# Adding Base Ten Numbers, Part 3

Alignments to Content Standards: 6.NS.B.3

In the picture below, a small square represents a unit, a long, thin rectangle represents a bundle of ten units, and a large square represents ten bundles of ten units. A small square can represent any number we want. So for example, if the small square represents 1,000, then the diagram below represents 243,000: Draw a picture that represents each of the following sums. What number does a unit represent in your picture? What about a bundle of ten units? What about ten bundles of ten? Make sure you can see both addends and the sum in your picture. For each problem, use two colors: one for each addend.

1. 0.016 + 0.082
2. 0.029 + 0.034
3. 0.043 + 0.017
4. 0.081 + 0.045
5. 0.056 + 0.044

## IM Commentary

This is the third in a set of three tasks generalizing the addition algorithm shown below from whole numbers to all base-ten numbers. [Part 1, Part 2, Part 3] The purpose of this particular task is to give meaning to the "carry" we do when we add using this algorithm by casting it in terms of bundling units into groups of ten. The fact that the diagrams can be used to represent any two or three digit base-ten number supports understanding that the steps in the algorithm work for any places in a base ten number as long as we are adding the digits that are in the same place. In principle, students have seen these kinds of diagrams in earlier grades, but if these representations are new to students, they might need to work with whole numbers first and have more scaffolding to understand how they can represent decimals.

The five problems are carefully sequenced to illustrate some different nuances in regrouping. This task would be most effective if all students completed all parts (rather than splitting up the work).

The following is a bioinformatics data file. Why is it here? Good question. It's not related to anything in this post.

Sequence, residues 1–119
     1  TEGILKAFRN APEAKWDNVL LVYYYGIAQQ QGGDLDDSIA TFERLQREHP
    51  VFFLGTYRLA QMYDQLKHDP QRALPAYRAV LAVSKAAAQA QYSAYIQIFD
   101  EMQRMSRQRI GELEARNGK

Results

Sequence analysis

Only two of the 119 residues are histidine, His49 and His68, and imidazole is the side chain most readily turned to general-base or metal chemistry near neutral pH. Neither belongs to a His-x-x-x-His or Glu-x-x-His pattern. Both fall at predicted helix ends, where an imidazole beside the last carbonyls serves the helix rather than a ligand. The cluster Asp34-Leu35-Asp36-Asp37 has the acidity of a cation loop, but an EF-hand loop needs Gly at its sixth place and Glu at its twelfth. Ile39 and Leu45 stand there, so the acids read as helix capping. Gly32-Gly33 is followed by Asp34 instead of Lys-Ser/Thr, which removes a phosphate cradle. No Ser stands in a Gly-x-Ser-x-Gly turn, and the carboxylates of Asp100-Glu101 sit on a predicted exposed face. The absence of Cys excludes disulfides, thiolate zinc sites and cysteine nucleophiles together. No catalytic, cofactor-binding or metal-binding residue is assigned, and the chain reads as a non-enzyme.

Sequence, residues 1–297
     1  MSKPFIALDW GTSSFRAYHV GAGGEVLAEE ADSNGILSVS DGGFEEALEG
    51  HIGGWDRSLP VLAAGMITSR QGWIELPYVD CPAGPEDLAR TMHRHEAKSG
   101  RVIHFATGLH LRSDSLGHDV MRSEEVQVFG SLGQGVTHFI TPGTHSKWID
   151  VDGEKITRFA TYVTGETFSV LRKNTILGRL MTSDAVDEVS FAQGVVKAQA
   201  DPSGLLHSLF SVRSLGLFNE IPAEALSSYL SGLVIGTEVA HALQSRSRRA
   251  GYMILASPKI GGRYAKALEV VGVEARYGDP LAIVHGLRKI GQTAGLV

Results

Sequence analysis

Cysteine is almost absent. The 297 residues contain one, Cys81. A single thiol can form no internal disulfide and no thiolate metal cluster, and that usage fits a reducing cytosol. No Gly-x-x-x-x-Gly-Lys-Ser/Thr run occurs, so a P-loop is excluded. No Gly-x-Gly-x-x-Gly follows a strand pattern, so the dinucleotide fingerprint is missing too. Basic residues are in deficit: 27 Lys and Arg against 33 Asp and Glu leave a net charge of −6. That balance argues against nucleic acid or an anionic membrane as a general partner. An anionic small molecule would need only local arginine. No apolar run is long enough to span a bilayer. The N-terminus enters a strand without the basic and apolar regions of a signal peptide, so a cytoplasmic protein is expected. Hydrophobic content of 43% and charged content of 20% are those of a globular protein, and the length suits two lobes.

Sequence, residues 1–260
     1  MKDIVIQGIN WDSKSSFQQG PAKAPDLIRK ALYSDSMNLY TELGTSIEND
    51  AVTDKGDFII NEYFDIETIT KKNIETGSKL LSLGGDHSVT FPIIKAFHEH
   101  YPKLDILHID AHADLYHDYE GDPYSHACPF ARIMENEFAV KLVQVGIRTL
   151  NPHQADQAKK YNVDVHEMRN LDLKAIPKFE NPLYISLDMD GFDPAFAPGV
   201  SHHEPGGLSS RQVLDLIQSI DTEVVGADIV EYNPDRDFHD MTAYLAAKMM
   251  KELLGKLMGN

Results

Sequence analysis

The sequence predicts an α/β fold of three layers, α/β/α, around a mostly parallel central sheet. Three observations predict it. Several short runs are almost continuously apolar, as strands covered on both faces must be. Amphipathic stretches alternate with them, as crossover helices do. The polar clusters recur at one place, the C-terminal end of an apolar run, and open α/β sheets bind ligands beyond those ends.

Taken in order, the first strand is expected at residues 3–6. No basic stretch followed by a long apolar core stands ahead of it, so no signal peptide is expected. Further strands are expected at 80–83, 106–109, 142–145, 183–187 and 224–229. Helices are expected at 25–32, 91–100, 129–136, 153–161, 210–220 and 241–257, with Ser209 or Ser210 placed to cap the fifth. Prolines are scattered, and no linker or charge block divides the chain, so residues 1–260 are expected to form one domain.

Note that students can draw the diagrams quickly if they have small-grid graph paper and colored pencils. The teacher can speed up the time it takes for students to do this task by demonstrating how to draw a diagram like this on graph paper, perhaps by using a document camera. Here is ">a desmos simulation that dynamically shows the representation used in this task.

After these three tasks, it would be appropriate for the teacher to present this algorithm in general and explain why it works for any base-ten number.

## Solution

For all of the diagrams shown, a unit represents 0.001, a bundle of ten units represents 0.01, and ten bundles of ten units represents 0.1.

1. 0.016 + 0.082 = 0.098. The first addend is shaded blue in the diagram and the second addend is shaded yellow. You can see 9 bundles of ten units and 8 units, so you can see the sum in the diagram as well. 2. 0.029 + 0.034 = 0.063. The first addend is shaded blue in the diagram and the second addend is shaded yellow. You can see 6 bundles of ten units and 3 units, so you can see the sum in the diagram as well. 3. 0.043 + 0.017 = 0.06 (or 0.060). The first addend is shaded blue in the diagram and the second addend is shaded yellow. You can see 6 bundles of ten units, so you can see the sum in the diagram as well. 4. 0.081 + 0.045 = 0.126. The first addend is shaded blue in the diagram and the second addend is shaded yellow. You can see 1 bundle of ten bundles of ten units, 2 bundles of ten units, and 6 units, so you can see the sum in the diagram as well. 5. 0.056 + 0.044 = 0.1 (or 0.100). The first addend is shaded blue in the diagram and the second addend is shaded yellow. You can see 1 bundle of ten bundles of ten units, so you can see the sum in the diagram as well.